Pilbara Corridors Update

I’ve previously written about the Pilbara Corridors Conservation Action Planning workshops (one and two) that I’ve attended as the “spatial support guy”.  As part of this series, the project held a discussion group workshop in Perth last week to catch up a range of people that couldn’t make the two workshops in the Pilbara, and this time, I came along as a participant.

My background in the Pilbara is thanks to Biota Environmental Sciences, which was my last job before starting Gaia Resources eleven years ago.  Working with the team at Biota, I learned much of the craft around ecological and biological surveys, and fell just a little bit in love with the Pilbara.  Ever since then, I’ve been sneaking back up to the Pilbara whenever I can to do things like volunteer birdwatching trips, workshops and to catch up with our clients in that area.

yellowhatMe, investigating a rock pile in the Pilbara back in 2001

Anyway, enough of memory lane and back to the discussion group workshop for Pilbara Corridors.

The purpose of this third workshop was to review the outputs from Workshop Two with a group of people that couldn’t make it to the previous Pilbara workshop.  Being at the previous workshops was really beneficial as this gave me an insight into just how much additional knowledge and experience the second workshop contributed – which this began right from the first interactive discussion.

One of the issues raised in this first interactive session was about data and knowledge sharing, something of personal and professional interest to me.  As part of the Pilbara Corridors project, we have been working with the team behind it to try to start capturing information on the work being done in the Pilbara, and have a view of this data up on the Pilbara Corridor web site.  With other projects we’ve worked on in the past, such as the work I did for the Pilbara Biological Survey Database, the Rio Tinto Environmental Characteristics and Capabilities project  right through to the recent State Environmental Data Library, this is starting to be a bit of a theme across the whole environmental industry over the past ten years.  I think that the Pilbara Corridors project really has the potential to bring these disparate knowledge management projects together into a form that will be very useful for the future.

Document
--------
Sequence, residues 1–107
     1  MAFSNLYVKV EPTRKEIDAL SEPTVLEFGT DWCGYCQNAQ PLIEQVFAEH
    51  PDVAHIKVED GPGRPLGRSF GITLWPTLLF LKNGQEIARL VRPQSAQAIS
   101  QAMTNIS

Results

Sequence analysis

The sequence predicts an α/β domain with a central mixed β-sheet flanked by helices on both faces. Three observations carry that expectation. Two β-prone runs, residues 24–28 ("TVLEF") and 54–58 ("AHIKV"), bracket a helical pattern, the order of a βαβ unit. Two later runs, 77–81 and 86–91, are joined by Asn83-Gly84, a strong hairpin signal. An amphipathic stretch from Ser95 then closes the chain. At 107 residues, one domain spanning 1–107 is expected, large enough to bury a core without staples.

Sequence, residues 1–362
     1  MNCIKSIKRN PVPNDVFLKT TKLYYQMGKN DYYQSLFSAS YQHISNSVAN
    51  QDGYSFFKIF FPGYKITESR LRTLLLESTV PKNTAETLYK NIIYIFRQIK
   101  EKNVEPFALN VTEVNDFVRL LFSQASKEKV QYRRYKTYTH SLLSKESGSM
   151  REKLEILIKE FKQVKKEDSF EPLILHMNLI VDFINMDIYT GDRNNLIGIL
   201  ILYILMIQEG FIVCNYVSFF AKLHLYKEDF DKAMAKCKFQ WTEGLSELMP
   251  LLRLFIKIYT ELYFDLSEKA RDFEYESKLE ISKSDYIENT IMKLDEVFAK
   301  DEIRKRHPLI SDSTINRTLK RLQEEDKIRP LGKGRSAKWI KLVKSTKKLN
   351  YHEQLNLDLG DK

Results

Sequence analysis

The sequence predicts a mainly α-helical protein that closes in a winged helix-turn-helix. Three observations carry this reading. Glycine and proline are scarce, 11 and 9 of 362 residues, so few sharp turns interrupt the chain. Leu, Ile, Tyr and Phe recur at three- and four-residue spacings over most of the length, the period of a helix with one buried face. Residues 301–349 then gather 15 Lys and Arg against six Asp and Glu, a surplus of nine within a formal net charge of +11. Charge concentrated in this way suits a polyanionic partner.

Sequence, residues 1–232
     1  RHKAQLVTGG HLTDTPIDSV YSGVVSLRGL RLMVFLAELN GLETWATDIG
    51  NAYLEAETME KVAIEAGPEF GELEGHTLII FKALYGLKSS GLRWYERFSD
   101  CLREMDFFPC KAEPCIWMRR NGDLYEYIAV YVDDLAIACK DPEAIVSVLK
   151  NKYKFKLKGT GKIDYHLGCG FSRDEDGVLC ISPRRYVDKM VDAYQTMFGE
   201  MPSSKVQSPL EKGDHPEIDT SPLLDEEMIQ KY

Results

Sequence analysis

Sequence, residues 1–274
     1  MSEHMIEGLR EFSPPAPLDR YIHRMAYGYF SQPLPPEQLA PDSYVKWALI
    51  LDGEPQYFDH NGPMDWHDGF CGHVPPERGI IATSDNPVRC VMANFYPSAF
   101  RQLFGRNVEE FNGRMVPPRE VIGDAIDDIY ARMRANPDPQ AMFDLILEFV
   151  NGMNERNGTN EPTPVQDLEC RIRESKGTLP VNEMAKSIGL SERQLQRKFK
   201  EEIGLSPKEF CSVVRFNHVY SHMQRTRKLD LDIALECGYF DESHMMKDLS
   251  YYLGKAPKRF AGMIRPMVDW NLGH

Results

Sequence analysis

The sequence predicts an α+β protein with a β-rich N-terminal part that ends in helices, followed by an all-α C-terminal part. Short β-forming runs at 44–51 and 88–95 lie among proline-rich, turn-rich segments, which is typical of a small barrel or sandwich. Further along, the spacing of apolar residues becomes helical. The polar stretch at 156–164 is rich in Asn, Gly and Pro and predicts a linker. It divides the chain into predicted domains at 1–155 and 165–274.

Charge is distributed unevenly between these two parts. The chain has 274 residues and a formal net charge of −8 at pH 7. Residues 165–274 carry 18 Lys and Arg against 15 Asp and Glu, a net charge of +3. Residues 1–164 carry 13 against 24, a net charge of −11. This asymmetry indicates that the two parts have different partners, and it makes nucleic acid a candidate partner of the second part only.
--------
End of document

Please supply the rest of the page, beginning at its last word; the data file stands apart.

heatmapThe Pilbara Corridor project has an “effort” heat map showing surveys in the Pilbara

It’s always interesting to see how different knowledge bases bring new ideas into play, and there were some good additions to the outcomes from workshop two.  When looking at the broad list of assets that were captured in that previous workshop, the participants added in some interesting new nested assets, and restructured the listing.  This was really valuable to the project as a whole new range of experience was brought into the process.

Reviewing the condition of the various assets that were captured in the second workshop was also beneficial to the project, as we got a range of different opinions again on the condition of these assets, based on additional experience – and got a few more ideas on where to find additional data to support those condition assessments.

Reviewing the threats was a much more difficult process, as there was a lot of work in the previous workshop about pulling together a range of attributes into a single ‘rating’ for each threat against each asset type.  One of the points coming up from this discussion was around the need to quantify the experience and knowledge of people involved – for example, you wouldn’t take my word on the threat of feral bees across the Pilbara, as I’ve got very little experience in this area.  However, there were some great minds in the room providing opportunities to learn from each other, as well as to identify areas for future investigation.

The Conservation Action Planning process in use here really relies on this expertise, and having a range of people being willing able to contribute their time and expertise has been one of the strengths of this project.  The next workshop is coming in late July which covers the ‘rubber hits the road’ component – looking at the actions and steps.  Between now and then, we have some spatial investigations to work through… so stay tuned for another blog at the end of the month.

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